MLK Day: Let us not forget the Heroes.
Whenever someone mentions Martin Luther King, the first thing that comes to my mind is the “I have a Dream” speech of 1963. Oddly enough, the content of the inspirational speech that forever inscribed MLK in stone in the history of America, changing millions of lives, was all drafted hurriedly a couple minutes before he delivered it, serving as a testimony of the creative genius of the charismatic baptist minister. MLK was by far, the most notorious, famous, and arguably the most successful activist of the Civil Rights Movement that happened from 1954 to 1968. Yes, just about half-a-century ago.
But wait a minute, the Civil Rights Movement happened some 50 years ago - well before the invention the internet, so what does it mean for us right now, in today’s society?
Well, the movement culminated in the “Civil Rights Act” of 1964 that banned discrimination based on race, color, religion, sex or national origin. It basically provided every subgroup of American citizens a guarantee of equal, indiscriminate access to public facilities, education, employment... basically enabled equal opportunity (in theory). Those are fundamental rights, immense social advancements that were acquired through years of protest, sweat, tears, and even blood. Crucial assets that unfortunately a lot of people tend to take for granted.
As a black young man living in America today, I am very fortunate to be able to say that I do not remember ever being subjected to any sort of racism or other types of discrimination. (Now, I see you coming, that may be due in large part to the fact that I lived most of my life in a predominantly black country in sub-Saharan Africa. And I currently spend most of my time in the United States in a sheltered, isolated private school in the New Hampshire, but still). I remain very thankful for being able to sit in a restaurant in New York City, with my friends, regardless of whether or not we happen to be of the same ethnicity. I certainly appreciate being allowed to attend New Hampton School, a well-established boarding school of the Lakes Region.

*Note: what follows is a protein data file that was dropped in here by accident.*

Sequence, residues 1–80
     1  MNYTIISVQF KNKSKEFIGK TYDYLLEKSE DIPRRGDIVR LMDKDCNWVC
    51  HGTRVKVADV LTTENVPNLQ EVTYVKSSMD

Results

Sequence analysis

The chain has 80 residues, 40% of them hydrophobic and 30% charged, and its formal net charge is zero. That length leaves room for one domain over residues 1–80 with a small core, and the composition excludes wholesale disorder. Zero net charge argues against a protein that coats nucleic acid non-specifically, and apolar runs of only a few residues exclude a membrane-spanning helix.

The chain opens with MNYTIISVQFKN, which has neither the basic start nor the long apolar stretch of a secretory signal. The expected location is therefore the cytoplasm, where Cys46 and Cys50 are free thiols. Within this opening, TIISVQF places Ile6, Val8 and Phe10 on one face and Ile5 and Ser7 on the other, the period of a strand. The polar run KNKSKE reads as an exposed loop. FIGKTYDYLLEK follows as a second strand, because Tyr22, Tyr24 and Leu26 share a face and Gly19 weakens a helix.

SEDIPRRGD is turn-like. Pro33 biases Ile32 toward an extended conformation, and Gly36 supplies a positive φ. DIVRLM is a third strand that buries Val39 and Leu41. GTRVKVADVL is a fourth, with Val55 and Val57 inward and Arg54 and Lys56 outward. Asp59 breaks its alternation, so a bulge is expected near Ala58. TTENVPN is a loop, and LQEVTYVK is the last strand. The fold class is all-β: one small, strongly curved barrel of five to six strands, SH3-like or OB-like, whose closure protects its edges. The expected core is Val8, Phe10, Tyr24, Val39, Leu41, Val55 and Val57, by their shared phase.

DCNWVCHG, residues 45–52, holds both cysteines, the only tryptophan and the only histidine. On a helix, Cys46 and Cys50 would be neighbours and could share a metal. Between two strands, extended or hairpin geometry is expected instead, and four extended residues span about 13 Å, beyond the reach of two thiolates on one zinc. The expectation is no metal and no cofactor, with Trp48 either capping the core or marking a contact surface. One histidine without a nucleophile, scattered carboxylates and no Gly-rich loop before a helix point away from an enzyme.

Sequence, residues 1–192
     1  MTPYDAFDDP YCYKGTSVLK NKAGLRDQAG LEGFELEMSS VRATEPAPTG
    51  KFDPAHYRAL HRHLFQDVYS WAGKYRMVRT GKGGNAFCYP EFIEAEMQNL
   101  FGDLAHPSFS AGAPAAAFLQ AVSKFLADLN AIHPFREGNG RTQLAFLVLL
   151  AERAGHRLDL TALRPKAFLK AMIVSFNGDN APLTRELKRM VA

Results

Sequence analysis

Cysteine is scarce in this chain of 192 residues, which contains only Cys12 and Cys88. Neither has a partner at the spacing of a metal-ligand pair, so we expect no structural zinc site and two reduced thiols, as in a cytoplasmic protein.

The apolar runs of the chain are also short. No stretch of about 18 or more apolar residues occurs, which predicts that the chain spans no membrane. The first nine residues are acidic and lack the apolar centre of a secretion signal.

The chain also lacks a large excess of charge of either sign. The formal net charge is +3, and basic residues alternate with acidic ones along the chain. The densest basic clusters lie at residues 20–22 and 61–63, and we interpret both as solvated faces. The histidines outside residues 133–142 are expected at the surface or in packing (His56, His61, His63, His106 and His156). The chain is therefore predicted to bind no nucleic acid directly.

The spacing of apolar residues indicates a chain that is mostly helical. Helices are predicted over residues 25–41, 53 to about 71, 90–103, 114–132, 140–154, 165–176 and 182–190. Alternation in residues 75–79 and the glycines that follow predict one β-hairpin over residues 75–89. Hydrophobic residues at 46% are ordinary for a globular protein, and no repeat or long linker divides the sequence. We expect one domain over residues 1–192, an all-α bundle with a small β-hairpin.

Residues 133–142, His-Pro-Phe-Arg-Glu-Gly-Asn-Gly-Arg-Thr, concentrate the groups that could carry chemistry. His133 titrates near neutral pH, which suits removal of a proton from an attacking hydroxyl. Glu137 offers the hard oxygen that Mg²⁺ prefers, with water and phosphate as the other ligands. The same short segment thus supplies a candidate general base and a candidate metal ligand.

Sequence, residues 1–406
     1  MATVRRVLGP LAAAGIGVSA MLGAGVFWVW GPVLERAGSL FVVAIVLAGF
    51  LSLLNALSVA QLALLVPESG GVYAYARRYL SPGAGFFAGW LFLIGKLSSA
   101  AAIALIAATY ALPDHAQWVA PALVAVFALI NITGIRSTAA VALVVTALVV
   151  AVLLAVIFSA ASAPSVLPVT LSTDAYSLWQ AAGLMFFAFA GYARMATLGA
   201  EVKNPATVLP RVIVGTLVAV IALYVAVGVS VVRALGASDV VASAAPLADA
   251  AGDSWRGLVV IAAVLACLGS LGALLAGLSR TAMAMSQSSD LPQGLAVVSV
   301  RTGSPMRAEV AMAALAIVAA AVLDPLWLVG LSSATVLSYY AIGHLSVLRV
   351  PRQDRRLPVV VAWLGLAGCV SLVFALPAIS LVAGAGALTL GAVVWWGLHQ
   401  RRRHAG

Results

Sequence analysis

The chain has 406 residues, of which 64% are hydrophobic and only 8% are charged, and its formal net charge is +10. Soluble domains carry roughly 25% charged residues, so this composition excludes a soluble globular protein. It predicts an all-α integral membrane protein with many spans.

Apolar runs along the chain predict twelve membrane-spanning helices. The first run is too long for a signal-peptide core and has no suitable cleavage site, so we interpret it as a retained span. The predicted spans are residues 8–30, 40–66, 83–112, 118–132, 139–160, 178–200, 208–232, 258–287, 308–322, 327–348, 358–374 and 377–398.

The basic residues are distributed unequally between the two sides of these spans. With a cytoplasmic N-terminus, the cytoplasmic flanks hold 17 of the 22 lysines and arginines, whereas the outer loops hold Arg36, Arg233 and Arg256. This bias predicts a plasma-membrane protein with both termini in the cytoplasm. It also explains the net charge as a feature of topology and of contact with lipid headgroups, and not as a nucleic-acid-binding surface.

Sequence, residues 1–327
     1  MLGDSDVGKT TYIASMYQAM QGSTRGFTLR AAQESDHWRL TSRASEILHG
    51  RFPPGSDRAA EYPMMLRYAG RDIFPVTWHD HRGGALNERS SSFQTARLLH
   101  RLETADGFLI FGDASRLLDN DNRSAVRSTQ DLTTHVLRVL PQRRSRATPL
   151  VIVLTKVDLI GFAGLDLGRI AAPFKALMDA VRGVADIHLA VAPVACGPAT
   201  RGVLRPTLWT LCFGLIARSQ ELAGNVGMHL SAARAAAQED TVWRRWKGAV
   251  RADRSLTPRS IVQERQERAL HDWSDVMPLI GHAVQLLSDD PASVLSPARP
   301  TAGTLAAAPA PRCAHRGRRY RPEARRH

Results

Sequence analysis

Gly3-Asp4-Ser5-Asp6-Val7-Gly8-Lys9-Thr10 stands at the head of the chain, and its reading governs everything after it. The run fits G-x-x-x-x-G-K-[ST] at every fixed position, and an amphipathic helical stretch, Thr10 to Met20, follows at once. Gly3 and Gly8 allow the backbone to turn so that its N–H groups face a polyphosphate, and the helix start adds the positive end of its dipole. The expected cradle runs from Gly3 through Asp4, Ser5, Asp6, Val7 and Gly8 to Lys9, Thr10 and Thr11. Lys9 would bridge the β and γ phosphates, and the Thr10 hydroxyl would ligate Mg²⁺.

MLK day serves as a reminder that the values of equality people fought for in the Civil Rights Movement still hold true today. As a high school student, I get to witness the nature of that societal contract every day at lunchtime in the cafeteria, as I see students of various races, religions and socio-economical backgrounds sit together at the same table. Of course, there remains noticeable cultural segregation, but I think this may be expected as humans generally tend to seek belonging and self-identification to a larger group, especially in the transitional period of adolescence in the context of high school. In addition, international students tend to stick together in their language groups, but again this is not due to constitutional bigotry or any unfair school rule, but rather to the necessity of cultural balance that enables the students to integrate more swiftly in a foreign environment. In that sense, the cafeteria is truly a testimony of integration and cultural diversity, where all contribute to the harmony of the school in their own special way.
MLK day also means that heroes are not forgotten. Most people are familiar with Martin Luther King, but few could name even 5 other notable activists of the Civil rights movement. In all honesty, I could not either. Perhaps that is part of the reason why we need an MLK day; it is an opportunity to learn about less famous heroes such as John Lewis, Dorothy Height or Ella Baker, that equally played an important role in the socio-political struggle. (We, Literati are engaged to honor the moral duty of remembrance by creating this year a series of posters and illustrations for MLK day.
Although racism and bigotry subsist today, there is undeniable progress. Events such as Charlottesville 2017 or Ferguson 2014 mean that there is still a long way to go, but on the other hand, let us not forget all the social advancements. Let us not forget same-sex marriage legalization in 2015. And finally let us not forget the Barack Obamas or the Tim Cooks, living examples that opportunity does exist for everyone despite the division in the country.